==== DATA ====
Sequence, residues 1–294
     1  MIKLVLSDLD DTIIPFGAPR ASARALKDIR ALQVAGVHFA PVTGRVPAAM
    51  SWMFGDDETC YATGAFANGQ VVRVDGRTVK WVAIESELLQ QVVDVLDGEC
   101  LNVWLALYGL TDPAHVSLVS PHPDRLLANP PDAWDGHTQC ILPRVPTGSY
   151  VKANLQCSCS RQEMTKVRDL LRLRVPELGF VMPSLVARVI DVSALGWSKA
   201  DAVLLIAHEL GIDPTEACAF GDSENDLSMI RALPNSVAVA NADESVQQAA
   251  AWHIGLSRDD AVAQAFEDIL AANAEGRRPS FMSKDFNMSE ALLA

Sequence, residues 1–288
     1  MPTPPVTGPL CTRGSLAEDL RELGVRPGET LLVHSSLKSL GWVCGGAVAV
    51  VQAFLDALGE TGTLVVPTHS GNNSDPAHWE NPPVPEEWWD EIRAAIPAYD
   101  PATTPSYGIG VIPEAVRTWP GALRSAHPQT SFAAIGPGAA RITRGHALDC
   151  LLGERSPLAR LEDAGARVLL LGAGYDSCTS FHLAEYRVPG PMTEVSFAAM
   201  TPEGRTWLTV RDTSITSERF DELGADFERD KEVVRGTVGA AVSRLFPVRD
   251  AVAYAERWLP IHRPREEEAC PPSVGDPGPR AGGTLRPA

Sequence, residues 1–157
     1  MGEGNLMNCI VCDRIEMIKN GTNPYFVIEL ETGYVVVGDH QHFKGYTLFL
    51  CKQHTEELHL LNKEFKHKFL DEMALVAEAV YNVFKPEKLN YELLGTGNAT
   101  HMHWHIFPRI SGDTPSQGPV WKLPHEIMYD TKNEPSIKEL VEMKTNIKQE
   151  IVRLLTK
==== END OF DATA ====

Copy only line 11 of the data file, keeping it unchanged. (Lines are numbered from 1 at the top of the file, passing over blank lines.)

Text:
   101  PATTPSYGIG VIPEAVRTWP GALRSAHPQT SFAAIGPGAA RITRGHALDC